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The Puerto Rico Story The US Government Doesn’t Want You To Know, Part 1

I have been an unrelenting supporter of my country. A loyalty that was embedded in me from an early age when my family escaped the island prison of Communist Cuba, and came to the land of the free and the home of the brave. The land of milk and honey. The land of self-determination, personal freedom and life changing opportunity. A land where your creativity, perseverance and work ethic, allowed you to become whatever you dreamed of becoming.

All America asked of you in return was to become an American. Respect its traditions. Learn the language. Adapt but without forgetting your culture, just simply merge it with America’s. I still remember that first day in America when my father simply said: “Become Americans.” One day, after I turned 18, my father a successful medical doctor by profession, noticed how I was becoming more attentive to politics and he then told me something else: “Don’t trust the Republicans, much less the Democrats.”

I didn’t know what he meant as he didn’t elaborate, but over the years as I have gained knowledge and wisdom, it wasn’t necessary as another perspective of the United States has emerged from the shadows. This is a perspective that is troubling. A perspective that has made me a cynic. A perspective that has been intentionally left out of the history books because of the inherent discomfort and exposure to the fact that the United States, once a colony itself, which shed the yoke of an oppressive empire to become a beacon of freedom, has devolved into an empire itself, contradicting all of it’s founding principles. I will speak today of Puerto Rico, but there are other examples for another time.

When we think of Puerto Rico, we think of “La Isla del Encanto,” (the island of enchantment), but we don’t think of robber barons, nor the usual suspects to include John D. Rockefeller, J.P. Morgan and Cornelius Vanderbilt. But one robber baron has gone underappreciated: the man who stole Puerto Rico. His name was Charles Herbert Allen, the first U.S. civilian governor of Puerto Rico. He served only 17 months, but that was all he needed to perform one of the most spectacular crimes of the 20th century.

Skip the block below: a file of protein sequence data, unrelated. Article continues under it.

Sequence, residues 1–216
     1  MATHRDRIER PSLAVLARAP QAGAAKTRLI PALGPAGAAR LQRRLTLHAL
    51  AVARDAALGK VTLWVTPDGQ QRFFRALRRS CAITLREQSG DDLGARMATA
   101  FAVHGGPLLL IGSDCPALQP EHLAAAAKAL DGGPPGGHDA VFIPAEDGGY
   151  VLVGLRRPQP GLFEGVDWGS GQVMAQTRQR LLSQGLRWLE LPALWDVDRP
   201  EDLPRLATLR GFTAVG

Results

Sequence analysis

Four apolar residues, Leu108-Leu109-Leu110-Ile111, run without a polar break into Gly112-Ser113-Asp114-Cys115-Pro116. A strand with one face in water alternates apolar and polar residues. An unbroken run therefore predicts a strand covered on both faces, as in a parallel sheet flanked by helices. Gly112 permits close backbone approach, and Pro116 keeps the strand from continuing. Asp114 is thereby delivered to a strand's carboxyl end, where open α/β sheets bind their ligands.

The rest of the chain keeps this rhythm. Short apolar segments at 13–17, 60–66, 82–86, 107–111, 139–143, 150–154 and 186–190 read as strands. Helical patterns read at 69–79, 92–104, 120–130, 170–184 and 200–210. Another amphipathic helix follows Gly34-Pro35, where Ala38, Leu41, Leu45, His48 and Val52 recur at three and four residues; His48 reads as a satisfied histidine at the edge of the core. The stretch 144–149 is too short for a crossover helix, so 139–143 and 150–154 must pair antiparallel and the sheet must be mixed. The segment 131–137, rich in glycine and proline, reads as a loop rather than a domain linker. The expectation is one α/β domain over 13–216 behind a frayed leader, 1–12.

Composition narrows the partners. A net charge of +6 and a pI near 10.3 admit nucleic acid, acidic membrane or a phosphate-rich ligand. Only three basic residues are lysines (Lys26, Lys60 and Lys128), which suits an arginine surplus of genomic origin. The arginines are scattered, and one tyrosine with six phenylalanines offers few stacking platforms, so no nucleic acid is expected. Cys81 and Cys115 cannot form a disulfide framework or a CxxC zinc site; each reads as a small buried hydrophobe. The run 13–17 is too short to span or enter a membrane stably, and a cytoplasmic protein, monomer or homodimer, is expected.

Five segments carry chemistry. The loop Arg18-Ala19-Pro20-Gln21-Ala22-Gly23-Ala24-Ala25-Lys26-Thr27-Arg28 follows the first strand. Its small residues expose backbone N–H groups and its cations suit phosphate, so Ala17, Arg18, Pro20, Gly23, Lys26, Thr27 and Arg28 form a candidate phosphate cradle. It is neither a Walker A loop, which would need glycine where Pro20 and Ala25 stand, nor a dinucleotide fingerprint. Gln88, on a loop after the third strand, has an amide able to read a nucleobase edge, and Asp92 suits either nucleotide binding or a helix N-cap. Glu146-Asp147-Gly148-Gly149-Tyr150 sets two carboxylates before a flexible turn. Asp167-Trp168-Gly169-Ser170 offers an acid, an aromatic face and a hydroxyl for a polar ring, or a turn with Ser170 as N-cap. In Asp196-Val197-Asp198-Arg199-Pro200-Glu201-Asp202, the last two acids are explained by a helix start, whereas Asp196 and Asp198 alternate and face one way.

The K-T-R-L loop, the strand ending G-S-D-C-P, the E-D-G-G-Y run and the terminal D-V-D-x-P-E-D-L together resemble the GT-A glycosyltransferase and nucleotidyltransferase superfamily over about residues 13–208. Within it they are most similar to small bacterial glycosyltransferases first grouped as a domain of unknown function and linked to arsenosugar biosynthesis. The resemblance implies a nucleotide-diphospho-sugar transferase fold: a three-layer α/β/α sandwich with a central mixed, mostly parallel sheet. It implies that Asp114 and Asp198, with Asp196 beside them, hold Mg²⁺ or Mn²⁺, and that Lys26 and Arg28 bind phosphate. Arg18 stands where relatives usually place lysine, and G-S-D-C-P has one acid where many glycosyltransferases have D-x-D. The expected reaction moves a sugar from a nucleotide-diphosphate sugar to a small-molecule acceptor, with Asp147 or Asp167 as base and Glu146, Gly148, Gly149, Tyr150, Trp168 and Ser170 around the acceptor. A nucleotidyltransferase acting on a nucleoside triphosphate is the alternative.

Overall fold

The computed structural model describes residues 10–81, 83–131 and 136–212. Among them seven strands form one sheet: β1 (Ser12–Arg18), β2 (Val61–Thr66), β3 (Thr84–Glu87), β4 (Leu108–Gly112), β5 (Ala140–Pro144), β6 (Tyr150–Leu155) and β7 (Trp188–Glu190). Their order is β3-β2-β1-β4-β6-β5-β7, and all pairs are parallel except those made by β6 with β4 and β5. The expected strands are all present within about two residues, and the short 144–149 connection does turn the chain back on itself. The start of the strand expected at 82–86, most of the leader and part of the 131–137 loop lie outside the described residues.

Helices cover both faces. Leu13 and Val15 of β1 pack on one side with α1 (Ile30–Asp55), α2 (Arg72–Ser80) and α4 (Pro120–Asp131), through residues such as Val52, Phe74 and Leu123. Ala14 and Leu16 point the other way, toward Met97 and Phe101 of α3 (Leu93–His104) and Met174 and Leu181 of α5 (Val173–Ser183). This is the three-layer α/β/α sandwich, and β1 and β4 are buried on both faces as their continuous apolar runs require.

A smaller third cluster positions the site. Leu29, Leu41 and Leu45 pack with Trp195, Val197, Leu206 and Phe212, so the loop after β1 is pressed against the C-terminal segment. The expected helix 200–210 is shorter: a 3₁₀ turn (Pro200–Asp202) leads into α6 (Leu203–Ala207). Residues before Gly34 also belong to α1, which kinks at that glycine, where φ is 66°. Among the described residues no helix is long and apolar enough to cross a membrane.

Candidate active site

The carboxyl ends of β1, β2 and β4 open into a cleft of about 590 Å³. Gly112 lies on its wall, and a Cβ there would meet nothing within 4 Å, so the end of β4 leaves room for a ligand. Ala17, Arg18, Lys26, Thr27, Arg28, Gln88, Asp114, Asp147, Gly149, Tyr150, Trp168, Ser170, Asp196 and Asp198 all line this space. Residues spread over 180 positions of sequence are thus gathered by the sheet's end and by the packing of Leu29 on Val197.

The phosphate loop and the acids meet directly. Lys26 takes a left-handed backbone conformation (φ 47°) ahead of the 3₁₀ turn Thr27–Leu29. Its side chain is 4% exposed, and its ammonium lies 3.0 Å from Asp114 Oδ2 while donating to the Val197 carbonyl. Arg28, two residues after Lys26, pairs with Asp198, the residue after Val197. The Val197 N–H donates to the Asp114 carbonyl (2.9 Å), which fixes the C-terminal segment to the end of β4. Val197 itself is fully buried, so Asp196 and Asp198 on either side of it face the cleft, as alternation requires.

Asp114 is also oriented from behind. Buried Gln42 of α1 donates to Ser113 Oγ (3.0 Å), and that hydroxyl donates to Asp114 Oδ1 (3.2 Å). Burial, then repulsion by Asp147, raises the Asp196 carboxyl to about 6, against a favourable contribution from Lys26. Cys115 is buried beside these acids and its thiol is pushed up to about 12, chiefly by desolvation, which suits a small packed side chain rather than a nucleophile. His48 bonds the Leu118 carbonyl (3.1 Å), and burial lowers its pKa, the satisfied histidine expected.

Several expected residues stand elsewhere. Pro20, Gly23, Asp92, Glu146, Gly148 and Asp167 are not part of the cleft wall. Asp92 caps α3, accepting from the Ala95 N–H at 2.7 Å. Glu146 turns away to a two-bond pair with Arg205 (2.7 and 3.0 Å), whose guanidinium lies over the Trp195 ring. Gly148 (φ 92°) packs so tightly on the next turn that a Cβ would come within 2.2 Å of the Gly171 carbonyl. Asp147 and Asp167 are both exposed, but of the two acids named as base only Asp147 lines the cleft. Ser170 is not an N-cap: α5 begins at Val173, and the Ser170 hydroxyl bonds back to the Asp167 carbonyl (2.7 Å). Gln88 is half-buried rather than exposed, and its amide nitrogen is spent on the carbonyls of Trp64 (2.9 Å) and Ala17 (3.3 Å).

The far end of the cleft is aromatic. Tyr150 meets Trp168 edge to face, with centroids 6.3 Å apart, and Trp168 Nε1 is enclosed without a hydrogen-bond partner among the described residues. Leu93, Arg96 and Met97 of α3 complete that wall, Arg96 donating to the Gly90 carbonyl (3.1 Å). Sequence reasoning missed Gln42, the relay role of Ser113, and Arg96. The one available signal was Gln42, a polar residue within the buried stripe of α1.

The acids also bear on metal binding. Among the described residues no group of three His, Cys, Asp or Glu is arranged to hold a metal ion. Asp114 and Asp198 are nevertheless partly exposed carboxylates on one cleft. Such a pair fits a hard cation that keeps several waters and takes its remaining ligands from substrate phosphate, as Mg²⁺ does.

Allen hailed from Lowell, Massachusetts—famous for child labor and textile mill sweatshops. Though he never was in the military, he loved to dress in military regalia and have people address him as “colonel.” He arrived in Puerto Rico on April 27, 1900, like a Roman conqueror with a naval cannon salute, the 11th U.S. Infantry Band and a division of armed soldiers behind him. He marched through San Juan and into the Governor’s mansion. Allen had been a congressman, a bureaucrat and commissioner of prisons for Massachusetts. But in Puerto Rico, he finally became a businessman. A robber baron, actually.

He raided the island treasury by raising taxes, withholding municipal and agricultural loans, and freezing all building repair and school construction funds. He subsidized US-owned farm syndicates and issued no-bid contracts to US businessmen, for roads built at twice the old cost. He created new offices and salary lines—all staffed by U.S. bureaucrats. The original currency was devalued and replaced by the Dollar causing Puerto Ricans to lose half their wealth overnight. By the time he left office, nealy all the 11 members of the governor’s Executive Council were U.S. expatriates. But this is not the end of the story. Not by a long shot.

On September 15, 1901, after Allen resigned as governor, he headed straight to Wall Street, where he joined the House of Morgan as vice president of both the Morgan Trust Company and the Guaranty Trust Company of New York. Then he returned to America’s newest colony, Puerto Rico, and the island’s misfortune expanded by building the largest sugar syndicate in the world, and his hundreds of political appointees in Puerto Rico provided him with land grants, tax subsidies, water rights, railroad easements, foreclosure sales and favorable tariffs.

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